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Frequently Asked Questions for Photo Students

Q: I'm just starting the program and I've never had any formal education in photography before. How should I begin?

A: There are two introductory courses in our program: ARTS2356 Photography I/Darkroom (Film) and ARTS2348 Digital Photography I (Digital). These courses deal with camera operation, composition, workflow, photographic traditions and contemporary issues in imaging. They both have a 5 hour per week blend of lab and lecture where you produce art work in class with instructor supervision.

Q: What if I only want to learn digital photography (or) What if I only want to learn film photography? Do I still have to take the darkroom (or) computer course?

A: Students simply wanting to learn the basics of one aspect of the medium are welcome to take the entry-level courses that meet their needs and stop. If further, intermediate or advanced-level study is desired, however, both of the introductory courses are important. This is because we believe that, for any serious photographer, particularly one with fine art aspirations, knowing the basics of both the chemical and digital aspects of the medium is critical.

Beyond the first semester, though, students may use their choice of film or digital cameras to complete most of the assignments in most of the program's courses.

Q: What kind of camera do I need? What else do I need to supply?

A: Students in most photography courses are required to supply their own camera, but the department can provide a 35mm format film camera for students enrolled in ARTS2356 Photography I/Darkroom.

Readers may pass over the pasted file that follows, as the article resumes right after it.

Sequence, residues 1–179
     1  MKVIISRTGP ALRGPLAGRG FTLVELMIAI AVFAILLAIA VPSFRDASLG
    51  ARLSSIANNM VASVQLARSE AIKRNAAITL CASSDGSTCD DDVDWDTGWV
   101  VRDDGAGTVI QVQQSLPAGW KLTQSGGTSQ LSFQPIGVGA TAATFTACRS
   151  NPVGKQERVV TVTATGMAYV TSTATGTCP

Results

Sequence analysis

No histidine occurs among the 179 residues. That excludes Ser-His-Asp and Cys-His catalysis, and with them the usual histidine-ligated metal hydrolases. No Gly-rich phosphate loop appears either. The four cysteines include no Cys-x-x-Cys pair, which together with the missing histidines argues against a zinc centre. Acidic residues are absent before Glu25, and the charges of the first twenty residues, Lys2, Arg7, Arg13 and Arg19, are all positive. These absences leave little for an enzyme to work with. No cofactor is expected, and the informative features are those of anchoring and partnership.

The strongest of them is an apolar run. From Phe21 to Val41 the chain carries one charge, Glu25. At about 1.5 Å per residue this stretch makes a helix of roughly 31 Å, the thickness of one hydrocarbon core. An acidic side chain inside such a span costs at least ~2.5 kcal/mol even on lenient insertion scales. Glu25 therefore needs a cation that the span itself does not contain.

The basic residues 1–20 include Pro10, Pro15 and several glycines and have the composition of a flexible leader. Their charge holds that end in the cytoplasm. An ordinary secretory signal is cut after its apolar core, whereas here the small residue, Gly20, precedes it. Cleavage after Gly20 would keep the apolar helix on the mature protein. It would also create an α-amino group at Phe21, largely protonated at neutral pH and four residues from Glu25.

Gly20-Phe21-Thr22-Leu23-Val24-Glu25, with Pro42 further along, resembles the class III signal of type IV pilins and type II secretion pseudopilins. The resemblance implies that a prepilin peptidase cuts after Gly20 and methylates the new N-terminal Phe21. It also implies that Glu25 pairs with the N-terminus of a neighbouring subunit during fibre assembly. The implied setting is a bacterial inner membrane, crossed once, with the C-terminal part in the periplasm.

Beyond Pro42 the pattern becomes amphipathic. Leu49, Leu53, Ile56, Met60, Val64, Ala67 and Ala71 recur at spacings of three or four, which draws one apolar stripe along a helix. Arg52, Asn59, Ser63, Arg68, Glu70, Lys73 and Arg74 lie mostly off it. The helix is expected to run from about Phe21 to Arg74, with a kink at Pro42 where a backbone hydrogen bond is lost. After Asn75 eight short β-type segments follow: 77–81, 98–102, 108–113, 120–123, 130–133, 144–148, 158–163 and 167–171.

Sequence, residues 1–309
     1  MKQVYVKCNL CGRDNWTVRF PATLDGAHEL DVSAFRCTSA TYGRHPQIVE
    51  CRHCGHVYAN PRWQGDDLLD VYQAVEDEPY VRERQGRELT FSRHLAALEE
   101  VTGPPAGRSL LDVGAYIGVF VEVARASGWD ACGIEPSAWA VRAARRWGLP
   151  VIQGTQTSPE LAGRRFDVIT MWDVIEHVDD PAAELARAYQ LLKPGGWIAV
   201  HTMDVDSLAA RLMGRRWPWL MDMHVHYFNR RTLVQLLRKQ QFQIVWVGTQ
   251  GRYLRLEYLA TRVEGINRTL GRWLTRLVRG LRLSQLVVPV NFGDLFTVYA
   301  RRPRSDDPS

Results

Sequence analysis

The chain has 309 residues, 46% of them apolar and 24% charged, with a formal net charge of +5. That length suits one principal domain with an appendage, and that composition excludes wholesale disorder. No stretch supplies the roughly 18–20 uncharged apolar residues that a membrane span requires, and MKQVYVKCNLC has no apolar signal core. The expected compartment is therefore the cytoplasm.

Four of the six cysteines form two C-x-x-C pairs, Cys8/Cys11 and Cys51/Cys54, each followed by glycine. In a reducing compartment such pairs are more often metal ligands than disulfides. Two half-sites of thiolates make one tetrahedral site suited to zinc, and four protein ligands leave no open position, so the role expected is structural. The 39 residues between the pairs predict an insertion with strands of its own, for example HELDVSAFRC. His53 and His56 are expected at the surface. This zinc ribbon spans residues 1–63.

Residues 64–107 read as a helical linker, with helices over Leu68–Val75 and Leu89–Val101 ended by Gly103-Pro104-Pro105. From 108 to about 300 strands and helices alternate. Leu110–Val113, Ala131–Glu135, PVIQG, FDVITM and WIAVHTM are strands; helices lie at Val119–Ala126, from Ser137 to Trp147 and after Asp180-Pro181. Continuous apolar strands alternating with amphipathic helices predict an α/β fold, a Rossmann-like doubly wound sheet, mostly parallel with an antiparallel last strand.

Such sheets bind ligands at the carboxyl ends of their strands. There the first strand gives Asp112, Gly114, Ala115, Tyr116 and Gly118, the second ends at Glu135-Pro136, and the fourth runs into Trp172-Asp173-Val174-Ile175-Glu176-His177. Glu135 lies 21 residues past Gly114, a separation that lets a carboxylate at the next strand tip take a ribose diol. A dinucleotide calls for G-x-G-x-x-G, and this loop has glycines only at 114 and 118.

Film cameras must use 35mm format film and be capable of manual exposure control. Three 35mm cameras that we currently recommend are the Nikon FM-10, the Pentax ZX-M and the Ricoh KR5 Super II. Each of these are good, basic cameras that can be operated in a fully manual mode. Other cameras similar to these exist and, if the camera can be operated in a fully manual fashion, it will be fine for the course.

Digital cameras should be able to capture at least 5 Megapixels, be capable of manual exposure control and must be able to shoot a "RAW" file.

Digital cameras that we currently recommend are the Digital Rebel XT or XTi and any of the higher level Canon SLR's, the Nikon D40, 50, 70, 80 and 200 SLR's as we have check-out accessories for these two brands. There are a number of other excellent manufacturers available that will work fine as long as they meet the above criteria.

As for other supplies, students are responsible for providing film, printing paper, camera/computer recordables and a few incidentals like scissors. The Photography Program supplies all chemicals, ink and specialized equipment.

Q: I've been involved in photography for (fill in the blank) years and I'm wondering if I have to take the beginning course(s) (ARTS2356 and ARTS2348)?

A: The answer is, "It depends". It depends on whether you have basic camera skills and, more importantly, basic darkroom and/or computer skills. There is also an "acclimation" to the medium that provides an aesthetic grounding essential to advanced courses.